Whipped and battered by the wind, the giant rainbow flag that flies above San Francisco’s Castro District gets replaced from time to time. On Friday morning, the Castro Merchants Association held a small ceremony at Harvey Milk Plaza to lower the slightly weather-damaged colors and hoist a spiffy replacement.
“Every flag costs about $1,200,” Terry Asten Bennett, president of the Castro Merchants, told The Standard. “We have to change it every three to four months. It is a labor of love, but it’s so important to the community.”
Reinstalling it requires about a dozen people. Asten Bennett dedicated Friday’s ceremony to the passing of Sen. Dianne Feinstein—who became mayor of San Francisco after the November 1978 assassinations of Supervisor Harvey Milk and Mayor George Moscone. Notably, it took place two days before the 49th annual Castro Street Fair, which Milk founded, when the somewhat beleaguered neighborhood gets to show off its best side to the city.
“The flag remains a symbol of hope and offers a message of welcome to all who come to the Castro,” the fair’s Executive Director Fred Lopez told The Standard.
The 20-by-30-foot flag is indeed an 18-pound beacon of love and tolerance, but the Castro’s rainbow flag has also been a focal point of community infighting ever since it was first raised in the early 1990s.
A little background: Although the six-colored rainbow flag seems like an almost eternal emblem of LGBTQ+ pride and visibility, the Pink Triangle, once pinned to gay men in Nazi concentration camps and later reclaimed, is arguably the original icon of the modern fight for liberation. The rainbow flag was created in San Francisco in 1978 by artist Gilbert Baker, who went on to make humongous versions, up to a mile long, that were paraded near the United Nations and in Key West.
The rainbow flag originally had eight colors, each symbolizing a facet of queer life, but the hot pink and turquoise stripes were later removed because obtaining those fabrics turned out to be too expensive. Now, virtually every community under the LGBTQ+ umbrella has its own version, from the pastel transgender flag and the earth-toned bear flag to the less-seen demisexual flag.
Having become all but ubiquitous every June, the flag has arguably never been more controversial—and not just among conservative legislators or at Target. To some younger queer activists, the standard rainbow flag has come to feel commercialized and a bit dated, a vaguely exclusionary totem from the era when the San Francisco LGBTQ+ Pride Parade was simply known as Gay Freedom Day. The two alternatives that have come to supersede it are the Philadelphia Flag and the Progress Flag, each of which adds design elements that are meant to include gender-variant people and people of color.
In 2021, the Castro LGBTQ+ Cultural District circulated a survey meant to assess the community’s interest in replacing the neighborhood’s enormous flag with one of those newer designs. Nothing seemed to come of it, and the cultural district takes no official position on the matter.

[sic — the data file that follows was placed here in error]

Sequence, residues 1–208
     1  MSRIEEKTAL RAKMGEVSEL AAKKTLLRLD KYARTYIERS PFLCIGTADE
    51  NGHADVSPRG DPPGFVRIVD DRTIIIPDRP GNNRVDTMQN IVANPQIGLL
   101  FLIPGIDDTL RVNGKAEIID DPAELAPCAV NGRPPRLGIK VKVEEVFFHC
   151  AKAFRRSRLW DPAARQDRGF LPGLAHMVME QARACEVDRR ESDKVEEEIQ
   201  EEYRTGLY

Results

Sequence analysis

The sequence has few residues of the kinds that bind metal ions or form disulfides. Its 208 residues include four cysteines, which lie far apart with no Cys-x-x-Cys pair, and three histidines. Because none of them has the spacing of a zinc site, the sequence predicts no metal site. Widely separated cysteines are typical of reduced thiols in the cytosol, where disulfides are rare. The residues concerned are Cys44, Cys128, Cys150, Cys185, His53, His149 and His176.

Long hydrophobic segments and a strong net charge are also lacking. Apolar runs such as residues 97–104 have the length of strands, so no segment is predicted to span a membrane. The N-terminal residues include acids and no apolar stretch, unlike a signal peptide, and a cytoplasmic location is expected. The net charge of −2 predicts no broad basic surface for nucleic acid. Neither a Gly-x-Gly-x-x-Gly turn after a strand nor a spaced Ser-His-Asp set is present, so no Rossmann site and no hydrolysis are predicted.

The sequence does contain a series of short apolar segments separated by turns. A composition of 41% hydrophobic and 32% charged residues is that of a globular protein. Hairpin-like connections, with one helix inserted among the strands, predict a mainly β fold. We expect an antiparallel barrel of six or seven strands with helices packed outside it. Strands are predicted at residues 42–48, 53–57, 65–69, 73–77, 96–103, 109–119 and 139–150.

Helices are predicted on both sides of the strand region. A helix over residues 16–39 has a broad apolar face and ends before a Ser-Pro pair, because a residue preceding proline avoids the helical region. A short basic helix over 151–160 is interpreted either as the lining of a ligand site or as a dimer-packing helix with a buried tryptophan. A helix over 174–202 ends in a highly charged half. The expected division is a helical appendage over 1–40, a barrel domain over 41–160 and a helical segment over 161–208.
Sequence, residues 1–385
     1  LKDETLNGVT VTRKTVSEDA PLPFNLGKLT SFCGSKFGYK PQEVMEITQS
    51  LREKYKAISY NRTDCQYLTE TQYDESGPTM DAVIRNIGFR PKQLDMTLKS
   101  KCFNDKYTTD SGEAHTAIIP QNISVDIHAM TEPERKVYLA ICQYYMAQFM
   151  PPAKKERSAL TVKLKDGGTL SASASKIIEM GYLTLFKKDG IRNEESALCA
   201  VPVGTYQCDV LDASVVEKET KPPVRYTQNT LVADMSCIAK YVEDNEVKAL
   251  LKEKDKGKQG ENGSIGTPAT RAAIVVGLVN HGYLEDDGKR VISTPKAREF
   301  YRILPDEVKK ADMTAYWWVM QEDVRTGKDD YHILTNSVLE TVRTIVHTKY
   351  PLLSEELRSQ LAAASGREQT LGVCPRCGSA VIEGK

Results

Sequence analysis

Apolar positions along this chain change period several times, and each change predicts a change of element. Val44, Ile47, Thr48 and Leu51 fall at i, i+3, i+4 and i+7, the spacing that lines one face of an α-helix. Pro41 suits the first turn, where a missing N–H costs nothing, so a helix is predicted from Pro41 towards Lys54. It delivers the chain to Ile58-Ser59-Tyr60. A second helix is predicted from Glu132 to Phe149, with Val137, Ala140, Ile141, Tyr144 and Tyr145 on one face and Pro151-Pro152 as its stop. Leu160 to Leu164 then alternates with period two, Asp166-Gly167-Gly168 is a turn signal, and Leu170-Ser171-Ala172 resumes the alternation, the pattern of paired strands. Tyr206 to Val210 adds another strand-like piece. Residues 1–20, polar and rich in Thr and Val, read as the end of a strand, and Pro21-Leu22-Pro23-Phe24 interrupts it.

Nonetheless, passions run hot. In 2022, a flyer went around the neighborhood during Pride month, slamming the possibility of replacing the flag without adequate community input and asserting that someone, somewhere, was making money off it. Some people contended that the rainbow flag was inherently inclusive enough, thank you very much. Others groused that the black stripe symbolized people who had died from HIV/AIDS, crowding out the contributions of Black people to the LGBTQ+ liberation movement.
It is true that the Progress Flag was created in 2018 by artist Daniel Quasar, who describes themself as a “queer nonbinary celestial object having a human experience.” But the belief that they demand payment in exchange is inaccurate: They explicitly allow free use, and only request compensation from corporations and large manufacturers.
At the same time, replacing the Castro flag isn’t so simple, as it’s technically not a civic monument but an art installation that must fly at full-mast, with the Castro Merchants as its steward.
“Baker was very smart about doing this,” local LGBTQ+ advocate Stephen Torres told The Standard. “He raised the funding for it as an art piece. It has to remain the same in its current installation. Removing it would be like taking down any other piece of art.”
Of course, other designs have temporarily flown on that pole, like the black-white-and-blue-striped Leather Pride flag, with its recognizable red heart. That, too, led to hurt feelings and accusations of favoritism, so the Castro Merchants has since restricted it to Baker’s design. The Leather and LGBTQ+ Cultural District in western SoMa later installed a giant Leather flag of its own at Eagle Plaza, clearly visible from the Central Freeway.
Replacing a large flag several times a year for 30 years means quite a pile of cloth accumulating in a storage unit. As the Castro gears up for Sunday’s street fair, the merchants group is set to announce a program where museums, schools and other organizations can obtain a piece of LGBTQ+ history, for nothing more than the cost of shipping.
Still, for all the infighting and tempests in a teapot, the flag remains an undeniable presence above the world’s most famous gayborhood, a potent visual opposite the Castro Theatre’s neon blade. Even at the busy intersection of Castro, 17th and Market streets, its billowing is distinctly audible, drawing onlookers to stare upward and reflect that progress is hard-won and perhaps quite fragile.
Astrid Kane can be reached at firstname.lastname@example.org